IPO. Well, not in this environment. That's clear. So what does that mean for net financial debt? The net financial debt at the first quarter's end was EUR 18.8 billion, and that was compared to EUR 19.4 billion net financial debt at the end of the first quarter of 2019. Of course, there's an increase compared to the end of the year by approximately EUR 3 billion, but that is the just-described seasonality of the business. And until the end of the year, this will definitely reduce, so BASF is still financially, based on a very solid fundament, not relying on the cash flows on the IPO.

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Anke Schmidt, BASF SE - SVP of Communications & Government Relations [8]

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[Interpreted] Next question, by Ludwig Burger from Reuters.

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Ludwig Burger, [9]

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[Interpreted] I'd like to briefly refer to this apparent contradiction. Of course, we know that the automotive environment is very...

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Unidentified Company Representative, [10]

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[Interpreted] Mr. Burger, sorry. It's very, very difficult to hear you. Are you using your mobile phone?

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Ludwig Burger, [11]

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(inaudible)

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Unidentified Company Representative, [12]

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[Interpreted] Okay. Let's try again.

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Ludwig Burger, [13]

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[Interpreted] I'm referring to the contradiction: automotive industry very weak but the business with your catalysts, very strong in Q1. How can you explain this? That's my first question. Wintershall Dea, you just answered this question by my colleague. Well, that would be my question.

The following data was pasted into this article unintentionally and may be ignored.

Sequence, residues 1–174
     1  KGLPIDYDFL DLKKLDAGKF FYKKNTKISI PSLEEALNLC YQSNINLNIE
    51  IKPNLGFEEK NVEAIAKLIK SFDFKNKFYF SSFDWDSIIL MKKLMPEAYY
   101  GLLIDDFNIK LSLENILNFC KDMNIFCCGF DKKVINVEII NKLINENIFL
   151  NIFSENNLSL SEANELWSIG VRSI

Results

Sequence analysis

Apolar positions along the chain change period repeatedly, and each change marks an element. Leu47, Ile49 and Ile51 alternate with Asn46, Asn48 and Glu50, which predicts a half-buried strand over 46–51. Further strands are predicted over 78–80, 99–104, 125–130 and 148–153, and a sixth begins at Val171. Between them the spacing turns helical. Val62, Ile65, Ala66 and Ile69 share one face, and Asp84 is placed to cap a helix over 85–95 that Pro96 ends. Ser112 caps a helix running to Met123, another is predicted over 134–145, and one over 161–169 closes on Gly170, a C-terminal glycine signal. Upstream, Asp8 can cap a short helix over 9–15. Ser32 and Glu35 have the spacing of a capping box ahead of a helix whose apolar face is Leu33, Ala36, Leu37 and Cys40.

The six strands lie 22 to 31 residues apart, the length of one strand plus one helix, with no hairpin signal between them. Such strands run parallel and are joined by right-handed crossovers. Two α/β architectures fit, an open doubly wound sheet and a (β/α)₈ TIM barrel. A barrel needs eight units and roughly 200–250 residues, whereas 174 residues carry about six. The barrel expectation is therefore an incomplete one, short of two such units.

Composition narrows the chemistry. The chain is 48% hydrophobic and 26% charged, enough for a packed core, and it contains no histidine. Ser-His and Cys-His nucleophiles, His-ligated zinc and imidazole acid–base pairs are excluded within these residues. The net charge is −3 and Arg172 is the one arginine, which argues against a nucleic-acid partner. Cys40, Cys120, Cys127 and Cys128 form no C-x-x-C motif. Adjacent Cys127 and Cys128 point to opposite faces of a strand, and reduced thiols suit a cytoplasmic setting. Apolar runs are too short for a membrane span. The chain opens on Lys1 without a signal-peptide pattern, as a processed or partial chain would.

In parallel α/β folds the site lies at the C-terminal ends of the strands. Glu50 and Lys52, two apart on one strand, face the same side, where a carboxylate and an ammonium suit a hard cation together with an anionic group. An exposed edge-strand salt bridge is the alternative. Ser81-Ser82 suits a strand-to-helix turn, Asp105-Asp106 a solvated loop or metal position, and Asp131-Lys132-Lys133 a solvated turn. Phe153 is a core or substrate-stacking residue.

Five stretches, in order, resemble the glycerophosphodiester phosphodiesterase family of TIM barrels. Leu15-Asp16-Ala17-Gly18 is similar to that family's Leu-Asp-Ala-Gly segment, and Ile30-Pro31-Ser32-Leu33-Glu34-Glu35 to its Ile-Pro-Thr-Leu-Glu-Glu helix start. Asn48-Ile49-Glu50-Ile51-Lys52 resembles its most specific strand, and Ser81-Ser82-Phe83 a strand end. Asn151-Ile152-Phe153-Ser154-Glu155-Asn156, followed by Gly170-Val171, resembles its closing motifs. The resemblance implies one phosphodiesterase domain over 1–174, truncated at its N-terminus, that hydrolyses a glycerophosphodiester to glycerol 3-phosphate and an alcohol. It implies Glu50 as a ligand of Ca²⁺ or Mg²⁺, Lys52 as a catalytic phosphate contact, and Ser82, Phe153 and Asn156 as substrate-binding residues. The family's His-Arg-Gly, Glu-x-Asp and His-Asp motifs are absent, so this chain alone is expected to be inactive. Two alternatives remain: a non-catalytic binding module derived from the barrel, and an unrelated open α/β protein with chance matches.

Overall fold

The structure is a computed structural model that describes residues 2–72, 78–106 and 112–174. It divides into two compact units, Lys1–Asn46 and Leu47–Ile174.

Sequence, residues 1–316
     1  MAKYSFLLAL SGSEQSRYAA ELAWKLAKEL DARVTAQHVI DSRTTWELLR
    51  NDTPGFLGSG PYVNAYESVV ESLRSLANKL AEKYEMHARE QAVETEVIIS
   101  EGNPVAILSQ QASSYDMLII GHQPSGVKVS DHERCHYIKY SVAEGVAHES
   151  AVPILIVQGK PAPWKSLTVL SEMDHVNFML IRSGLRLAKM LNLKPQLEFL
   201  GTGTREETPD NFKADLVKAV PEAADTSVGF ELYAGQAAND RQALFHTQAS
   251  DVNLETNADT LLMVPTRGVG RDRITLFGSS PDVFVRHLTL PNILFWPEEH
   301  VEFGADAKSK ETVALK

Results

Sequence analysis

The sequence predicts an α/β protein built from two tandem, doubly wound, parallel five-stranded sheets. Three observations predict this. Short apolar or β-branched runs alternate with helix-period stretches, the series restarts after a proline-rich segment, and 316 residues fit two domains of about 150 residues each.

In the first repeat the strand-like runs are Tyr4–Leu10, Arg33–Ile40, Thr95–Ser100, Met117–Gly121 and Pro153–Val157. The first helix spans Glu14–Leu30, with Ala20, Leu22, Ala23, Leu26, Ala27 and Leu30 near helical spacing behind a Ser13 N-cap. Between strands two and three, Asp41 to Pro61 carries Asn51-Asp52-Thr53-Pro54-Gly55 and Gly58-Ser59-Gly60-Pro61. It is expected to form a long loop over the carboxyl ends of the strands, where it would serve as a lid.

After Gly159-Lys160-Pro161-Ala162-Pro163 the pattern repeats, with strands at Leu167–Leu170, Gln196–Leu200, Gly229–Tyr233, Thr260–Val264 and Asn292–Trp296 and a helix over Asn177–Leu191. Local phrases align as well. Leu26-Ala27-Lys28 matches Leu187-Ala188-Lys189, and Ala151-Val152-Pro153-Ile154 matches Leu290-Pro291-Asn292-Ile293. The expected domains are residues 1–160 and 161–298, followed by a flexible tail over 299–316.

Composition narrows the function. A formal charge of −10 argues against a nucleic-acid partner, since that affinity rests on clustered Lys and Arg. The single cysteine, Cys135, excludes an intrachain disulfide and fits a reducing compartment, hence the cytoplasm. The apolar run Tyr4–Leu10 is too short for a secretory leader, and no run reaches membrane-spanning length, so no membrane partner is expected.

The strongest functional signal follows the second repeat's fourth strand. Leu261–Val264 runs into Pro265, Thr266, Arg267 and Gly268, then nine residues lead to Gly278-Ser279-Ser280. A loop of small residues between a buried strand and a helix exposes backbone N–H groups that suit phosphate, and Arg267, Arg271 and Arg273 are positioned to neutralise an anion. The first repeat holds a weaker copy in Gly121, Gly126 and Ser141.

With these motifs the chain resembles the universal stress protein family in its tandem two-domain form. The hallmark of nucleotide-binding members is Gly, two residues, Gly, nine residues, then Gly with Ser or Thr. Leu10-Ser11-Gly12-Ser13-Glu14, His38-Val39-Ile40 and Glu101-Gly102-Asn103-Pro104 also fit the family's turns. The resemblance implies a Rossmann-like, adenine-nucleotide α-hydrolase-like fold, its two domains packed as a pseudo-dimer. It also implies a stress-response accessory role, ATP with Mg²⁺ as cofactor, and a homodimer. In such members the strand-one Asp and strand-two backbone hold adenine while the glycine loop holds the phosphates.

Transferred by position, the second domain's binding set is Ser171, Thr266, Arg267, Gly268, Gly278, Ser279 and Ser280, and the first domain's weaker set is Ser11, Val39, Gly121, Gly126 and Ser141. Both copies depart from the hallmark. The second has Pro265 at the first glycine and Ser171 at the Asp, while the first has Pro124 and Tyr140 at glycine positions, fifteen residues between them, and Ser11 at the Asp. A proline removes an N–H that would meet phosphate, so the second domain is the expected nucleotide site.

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Unidentified Company Representative, [14]

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[Interpreted] Mr. Burger, let me answer. What happens in case of Catalysts? Well, Catalysts, here we have a precious metal trading business, which is about 50% of the sales we show for Catalysts. In the precious metals trading business, we saw that prices, especially for palladium and rhodium, skyrocketed in Q1. For reasons of comparisons: Rhodium in 2019 saw an increase from USD 3,000 per ounce to an average of between USD 10,000 and USD 11,000 in Q1, per ounce. Palladium developed from $1,300 to about $2,200 and $2,500, which of course then increases earnings, but these are book gains mainly for the precious metals. And with declining precious metal prices that we will see in the second quarter, this will be put into perspective again. So it will go down, but we have a second effect, a special economic situation in China when it comes to demand for automotive catalytic converters. Why is it? This is because of a new standard in China, China 6. And apparently, we are able to offer the right product at the right time, which then resulted in this gratifying result.

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Anke Schmidt, BASF SE - SVP of Communications & Government Relations [15]

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[Interpreted] Now [Elizabeth Duerstat], please.

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Unidentified Participant, [16]

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[Interpreted] Two questions. Mr. Engel, you probably have an idea about the average oil price in your mind when impairment of Wintershall would be necessary. Maybe you can give us this figure. And my second question, we see that we will have an extended dry period. How is BASF prepared for low water levels?

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Hans-Ulrich Engel, BASF SE - CFO & Vice Chairman of the Board of Executive Directors [17]

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[Interpreted] [Ms. Duerstat], I have to disappoint you. I don't have a figure in my mind when it comes to the oil price. I intensely and actively observe the price development to find out what measures need to be taken to make sure that we safeguard liquidity for Wintershall Dea, but I'm quite hesitant when it comes to speculating about oil price scenarios.

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Martin Brudermuller, BASF SE - Chairman of the Board of Executive Directors, CEO & CTO [18]